Sorry - I'm old. Way back in the day, it wasn't assured, and you had to encode things to make sure you were ok. Which - I can do, if need be.

    The problem, of course, with 8-bit clean is that an editor or display for it in a tab will be more difficult; how do you properly display an ascii null (00)? or other 'unprintable' characters, in such a manner that a human can use them? "\r" type shenanigans, perhaps.

  • DylanDylan Admin Mod
    edited November 2011 Posts: 121

    The stores can only store numbers and strings at the moment (strings cannot have null characters as they are converted to c-strings, but it will check and throw an error in this case).

    To be honest storing binary data didn't occur to me! It should be relatively easy to add. Perhaps using something like base64 encoding is fine instead though.

    You can use escape characters to define null characters and whatnot ('\0' etc) in lua.

  • BortelsBortels Mod
    Posts: 1,557

    In my particular case, I'm thinking font data - going full-on binary, I could compress it (rather than simply picking an efficient encoding) and halve the size.

    But I already have base64 stuff pre-rolled (it turns out it doesn't reduce my source data by that much over my home-rolled encoding, so I didn't use it), so that's fine.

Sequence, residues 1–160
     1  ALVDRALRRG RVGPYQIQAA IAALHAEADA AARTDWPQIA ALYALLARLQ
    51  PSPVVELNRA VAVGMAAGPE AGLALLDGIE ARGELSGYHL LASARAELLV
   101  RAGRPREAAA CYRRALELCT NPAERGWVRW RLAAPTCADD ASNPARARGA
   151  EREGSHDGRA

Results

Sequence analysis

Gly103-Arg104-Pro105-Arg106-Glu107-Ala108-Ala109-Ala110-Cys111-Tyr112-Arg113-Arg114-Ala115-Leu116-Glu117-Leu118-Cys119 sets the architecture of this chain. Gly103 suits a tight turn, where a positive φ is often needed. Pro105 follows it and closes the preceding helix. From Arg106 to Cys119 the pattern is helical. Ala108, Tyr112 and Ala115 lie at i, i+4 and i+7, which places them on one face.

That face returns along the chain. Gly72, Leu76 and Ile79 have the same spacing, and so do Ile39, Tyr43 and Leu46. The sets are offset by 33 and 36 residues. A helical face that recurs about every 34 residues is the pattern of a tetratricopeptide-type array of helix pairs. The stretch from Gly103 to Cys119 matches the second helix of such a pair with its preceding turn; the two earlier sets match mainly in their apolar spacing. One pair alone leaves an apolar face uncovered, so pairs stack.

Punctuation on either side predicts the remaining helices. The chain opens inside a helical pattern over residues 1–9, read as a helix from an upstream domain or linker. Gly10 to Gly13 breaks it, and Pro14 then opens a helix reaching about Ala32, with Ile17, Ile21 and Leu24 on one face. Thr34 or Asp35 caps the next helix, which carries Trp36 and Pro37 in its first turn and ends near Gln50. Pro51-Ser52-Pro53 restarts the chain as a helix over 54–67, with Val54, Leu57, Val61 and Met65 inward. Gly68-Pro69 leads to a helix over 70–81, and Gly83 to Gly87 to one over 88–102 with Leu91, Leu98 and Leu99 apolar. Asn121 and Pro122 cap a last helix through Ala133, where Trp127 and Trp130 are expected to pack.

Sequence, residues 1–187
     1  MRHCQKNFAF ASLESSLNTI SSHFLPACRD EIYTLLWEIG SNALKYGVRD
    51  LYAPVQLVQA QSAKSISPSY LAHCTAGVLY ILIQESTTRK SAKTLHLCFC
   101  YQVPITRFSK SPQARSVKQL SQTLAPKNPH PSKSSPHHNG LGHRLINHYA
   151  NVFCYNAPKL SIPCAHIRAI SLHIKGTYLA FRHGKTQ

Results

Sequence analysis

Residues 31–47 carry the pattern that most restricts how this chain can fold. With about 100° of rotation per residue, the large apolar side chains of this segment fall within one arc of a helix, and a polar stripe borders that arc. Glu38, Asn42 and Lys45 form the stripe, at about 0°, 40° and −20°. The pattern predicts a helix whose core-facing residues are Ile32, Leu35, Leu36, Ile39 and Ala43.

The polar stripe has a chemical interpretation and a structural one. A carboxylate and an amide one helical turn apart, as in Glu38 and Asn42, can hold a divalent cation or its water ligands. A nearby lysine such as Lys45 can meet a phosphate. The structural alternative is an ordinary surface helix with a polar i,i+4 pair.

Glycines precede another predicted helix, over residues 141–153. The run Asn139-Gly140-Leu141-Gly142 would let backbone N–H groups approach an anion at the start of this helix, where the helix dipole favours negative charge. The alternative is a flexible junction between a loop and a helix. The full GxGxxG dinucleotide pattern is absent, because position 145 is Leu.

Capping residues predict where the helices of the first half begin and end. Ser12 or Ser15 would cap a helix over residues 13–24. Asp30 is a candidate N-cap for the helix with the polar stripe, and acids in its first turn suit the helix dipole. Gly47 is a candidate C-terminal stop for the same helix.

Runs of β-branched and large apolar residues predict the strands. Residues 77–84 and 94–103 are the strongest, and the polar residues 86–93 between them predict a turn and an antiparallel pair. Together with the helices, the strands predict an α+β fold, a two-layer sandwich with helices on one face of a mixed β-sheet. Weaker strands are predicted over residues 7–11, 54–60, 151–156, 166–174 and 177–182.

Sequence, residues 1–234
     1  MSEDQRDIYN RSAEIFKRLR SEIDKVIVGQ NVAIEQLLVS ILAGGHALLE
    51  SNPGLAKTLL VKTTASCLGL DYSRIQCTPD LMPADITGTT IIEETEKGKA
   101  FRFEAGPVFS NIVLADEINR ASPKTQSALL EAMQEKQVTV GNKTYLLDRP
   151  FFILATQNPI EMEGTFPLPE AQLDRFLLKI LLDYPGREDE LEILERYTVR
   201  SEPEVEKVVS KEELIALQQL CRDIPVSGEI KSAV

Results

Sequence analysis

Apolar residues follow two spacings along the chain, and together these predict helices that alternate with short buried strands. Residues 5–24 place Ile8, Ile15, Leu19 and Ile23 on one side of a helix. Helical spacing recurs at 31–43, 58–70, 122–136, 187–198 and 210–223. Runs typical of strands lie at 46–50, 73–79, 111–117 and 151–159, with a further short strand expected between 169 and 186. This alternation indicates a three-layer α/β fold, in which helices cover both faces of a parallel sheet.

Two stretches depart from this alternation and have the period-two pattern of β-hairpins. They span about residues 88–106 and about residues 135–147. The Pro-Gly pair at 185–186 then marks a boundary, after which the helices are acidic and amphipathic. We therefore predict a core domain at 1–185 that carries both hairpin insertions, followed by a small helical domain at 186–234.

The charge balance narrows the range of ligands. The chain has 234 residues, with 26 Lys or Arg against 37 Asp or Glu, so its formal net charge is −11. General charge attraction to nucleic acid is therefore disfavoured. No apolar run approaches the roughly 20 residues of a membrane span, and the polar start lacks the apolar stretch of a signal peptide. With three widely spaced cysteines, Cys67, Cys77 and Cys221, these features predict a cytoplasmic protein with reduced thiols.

I'm glad I asked :-)

    Is there a limit to size? Can I put in a 1 meg string? I guess this is all going to a plist, and I'll have those limitations, whatever they are. Not complaining! The world is limitations - knowing what they are and working to overcome them is what life does.

  • DylanDylan Admin Mod
    edited November 2011 Posts: 121

    Yeah its using NSUserDefaults (for Local) and a plist file (Project) for storage, so whatever the limits are on those! I'm guessing they can get fairly large though (but it would slow project loading a fair bit if its too big). All the values are stored in RAM while the project is running, so its probably possible to store too much in there and fill the RAM up (but unlikely).

  • +1 for binary data storage...

  • Posts: 521

    binary data would be nice. I've stored mesh data in image object as a hack, its a bit mesdy, but you can see what color your data has! :)

  • DylanDylan Admin Mod
    Posts: 121

    You can store binary data using a string and the save data methods. Lua does not use null terminated strings, so you can store whatever characters you want, including 0 in there.

  • I seem to crash codea whenever I save a string that's got a zero in it...strange.

  • Jmv38Jmv38 Mod
    Posts: 3,297

    I think the post http://www.twolivesleft.com/Codea/Talk/discussion/1692/saveglobaldata#Item_10 is the solution to this discussion.

  • BortelsBortels Mod
    Posts: 1,557

    Codea may not care - but does the plist format? I suspect there are 'fatal' combinations of binary data you could put into a string and save to global storage. (I am thinking carriage returns and line feeds may bollix it up)

    io.* and files are probably the right long-term solution; just not available enough yet.